Mike Webb On Cheating In Moto2: "If Anyone Is Cheating, They're Not Very Good At It"

Cheating in motorsports is as old as the sport itself. Whenever powered vehicles gather together to race each other, then someone, somewhere, will try to gain an advantage, either within the rules or, if that is not successful, outside of the rules. In all classes, and at all times, teams, engineers and riders have all tried to cheat in one way or another. Even the imposition of a spec engine in the Moto2 class hasn't prevented teams trying to cheat, and the paddock is awash with rumors regarding which teams are cheating and which teams are not.

The finger of blame is inevitably pointed at the most successful riders, and in recent months, it has been pointed mainly at Catalunya CX rider Marc Marquez. Marquez has a number of strikes against him, making him a popular target for rumors of cheating; firstly, Marquez is Spanish, and as Moto2 is a Spanish-run series, the non-Spanish teams are all fervently convinced that Spanish teams are not monitored as closely as they are. Secondly, Marquez has the backing of Repsol, one of the more powerful sponsors in the paddock, exerting influence not just over Marquez' Monlau Competicion team, but also over the much more important factory Repsol Honda team; the power of Repsol, the gossips suggest, exerts undue influence on the policing process. Thirdly, and most obviously, Marquez is fast, almost suspiciously so. The Spaniard's bike is always one of the fastest through the speed traps, and accelerates hardest off the corners. His team put it down to hard work at finding exactly the right set up for Marquez to excel. One of the lighter Moto2 riders on a well-prepared bike, ridden by a fast and talented rider? That, Marquez' supporters argue, is reason enough for him to be fastest.

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Gresini Announces Indonesian Federal Oil To Sponsor Gino Rea In Moto2

In a further sign that motorcycle racing teams are looking east to make up for the sponsorship they have lost in the west, the Gresini Racing Moto2 team today announced that Indonesian oil company Federal Oil is to back Gino Rea, one of Gresini's two Moto2 riders, in the Moto2 class. The news had already slipped out in the Gresini press release announcing Rea as their second rider, alongside Ratthapark Wilairot, but now the news has been announced officially.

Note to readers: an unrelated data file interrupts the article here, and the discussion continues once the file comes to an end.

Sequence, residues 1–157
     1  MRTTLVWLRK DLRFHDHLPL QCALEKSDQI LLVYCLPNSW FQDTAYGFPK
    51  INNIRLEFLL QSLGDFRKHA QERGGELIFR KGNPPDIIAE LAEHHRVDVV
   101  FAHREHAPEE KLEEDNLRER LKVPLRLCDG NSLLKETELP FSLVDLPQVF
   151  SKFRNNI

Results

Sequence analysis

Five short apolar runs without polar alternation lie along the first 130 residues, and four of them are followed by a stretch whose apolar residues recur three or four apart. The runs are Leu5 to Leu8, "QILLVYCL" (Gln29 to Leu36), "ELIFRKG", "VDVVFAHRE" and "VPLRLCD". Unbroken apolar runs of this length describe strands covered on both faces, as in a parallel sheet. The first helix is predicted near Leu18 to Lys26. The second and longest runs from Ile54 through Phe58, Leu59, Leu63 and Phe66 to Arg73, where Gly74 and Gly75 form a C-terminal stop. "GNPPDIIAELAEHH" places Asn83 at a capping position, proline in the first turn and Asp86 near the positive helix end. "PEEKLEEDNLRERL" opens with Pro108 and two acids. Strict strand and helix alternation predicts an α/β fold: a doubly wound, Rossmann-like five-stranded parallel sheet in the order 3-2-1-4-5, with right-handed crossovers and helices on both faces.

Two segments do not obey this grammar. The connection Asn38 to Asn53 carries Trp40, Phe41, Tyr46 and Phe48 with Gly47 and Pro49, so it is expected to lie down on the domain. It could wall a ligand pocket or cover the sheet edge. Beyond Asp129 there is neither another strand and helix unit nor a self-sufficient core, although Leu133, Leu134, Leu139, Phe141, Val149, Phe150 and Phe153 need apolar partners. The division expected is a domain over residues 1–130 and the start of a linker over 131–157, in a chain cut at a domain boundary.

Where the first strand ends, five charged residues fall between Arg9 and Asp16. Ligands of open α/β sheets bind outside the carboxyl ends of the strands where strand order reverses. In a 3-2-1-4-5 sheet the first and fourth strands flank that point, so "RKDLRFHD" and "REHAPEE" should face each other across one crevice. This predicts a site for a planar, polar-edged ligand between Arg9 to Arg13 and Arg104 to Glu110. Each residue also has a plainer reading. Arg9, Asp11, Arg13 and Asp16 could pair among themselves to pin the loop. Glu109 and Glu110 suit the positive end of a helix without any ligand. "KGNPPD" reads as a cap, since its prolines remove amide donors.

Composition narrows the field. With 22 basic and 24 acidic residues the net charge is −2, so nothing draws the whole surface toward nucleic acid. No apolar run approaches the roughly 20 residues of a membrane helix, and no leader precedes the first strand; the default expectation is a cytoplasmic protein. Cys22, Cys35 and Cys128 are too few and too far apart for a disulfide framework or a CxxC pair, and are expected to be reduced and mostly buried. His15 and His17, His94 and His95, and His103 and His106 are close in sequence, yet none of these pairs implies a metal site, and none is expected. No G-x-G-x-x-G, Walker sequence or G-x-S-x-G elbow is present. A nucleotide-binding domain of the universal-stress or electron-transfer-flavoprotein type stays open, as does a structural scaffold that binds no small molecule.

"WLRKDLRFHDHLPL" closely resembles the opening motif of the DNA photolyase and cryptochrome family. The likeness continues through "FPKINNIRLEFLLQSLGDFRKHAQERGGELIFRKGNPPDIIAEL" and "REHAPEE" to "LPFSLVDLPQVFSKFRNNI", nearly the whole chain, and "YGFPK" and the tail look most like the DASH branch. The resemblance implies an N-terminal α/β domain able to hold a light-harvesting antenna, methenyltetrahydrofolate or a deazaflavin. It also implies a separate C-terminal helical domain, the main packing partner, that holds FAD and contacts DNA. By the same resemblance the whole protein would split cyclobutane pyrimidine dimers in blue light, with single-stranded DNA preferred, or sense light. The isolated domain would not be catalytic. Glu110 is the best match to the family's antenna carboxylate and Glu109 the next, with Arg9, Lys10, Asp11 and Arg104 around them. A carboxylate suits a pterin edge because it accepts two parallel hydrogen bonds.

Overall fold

Federal oil joins a growing list of Asian sponsors in MotoGP. Though Yamaha lost Malaysian petroleum giant Petronas, they gained Japanese oil company ENEOS; both Yamaha and Honda receive backing from their Indonesian distribution network; Rea's teammate is backed by Thai Honda; and in Moto3, Malaysian budget airline AirAsia is backing Zulfahmi Khairuddin in the Ajo team, joining Danny Kent, Sandro Cortese and Arthur Sissis, though they are supported by Red Bull.

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Gino Rea Finally Confirmed With Gresini For 2012 Moto2 Campaign

One of the longest-running rider signing sagas has finally reached the conclusion that everyone expected. On the eve of the final Moto2 test of the preseason at Jerez, Gresini has at last confirmed that they will be fielding Gino Rea in the 2012 Moto2 championship. Rea had been testing the Moriwaki with the Gresini team for months now, yet an official announcement of the contract was not forthcoming. On Sunday, the team finally issued a press release naming both Ratthapark Wilairot and Gino Rea as the teams riders in Moto2.

Rea and Wilairot will be competing under different colors. Wilairot will be riding with backing from AP Honda, distributor of the manufacturer in his native Thailand. Rea will be racing in the colors of Indonesian oil company Federal Oil - another Indonesian brand being added to MotoGP, showing the shift in sponsorship eastwards - and will be supported by the Ukrainian Crimea Grand Prix circuit.

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Provisional Entry Lists Announced: 21 MotoGP Riders, 33 In Moto2 And 32 In Moto3

The FIM today released the provisional entry lists for all three Grand Prix classes, and the grids are looking remarkably healthy. Some 21 riders will line up in the MotoGP class, the Moto2 grid has been shrunk to a more manageable 33 entries, and 32 riders will be at the start for the inaugural season of racing in the Moto3 class, the grid the same size as it was for last year's 125cc class, which Moto3 replaces.

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2012 Moto2 Silly Season: 30 Riders, 1 Woman And A Mass Of Defections To Kalex

After a slow start, the 2012 Moto2 grid is starting to fill out, as teams are starting to find riders for the upcoming season. The provisional grid now stands at 30 riders, with 2 more names likely to be confirmed some time in the next few weeks. With Dorna aiming for a maximum of 32 entries in the class, there is little room for new names to appear in the final run up to the 2012 season opener at Qatar in April.

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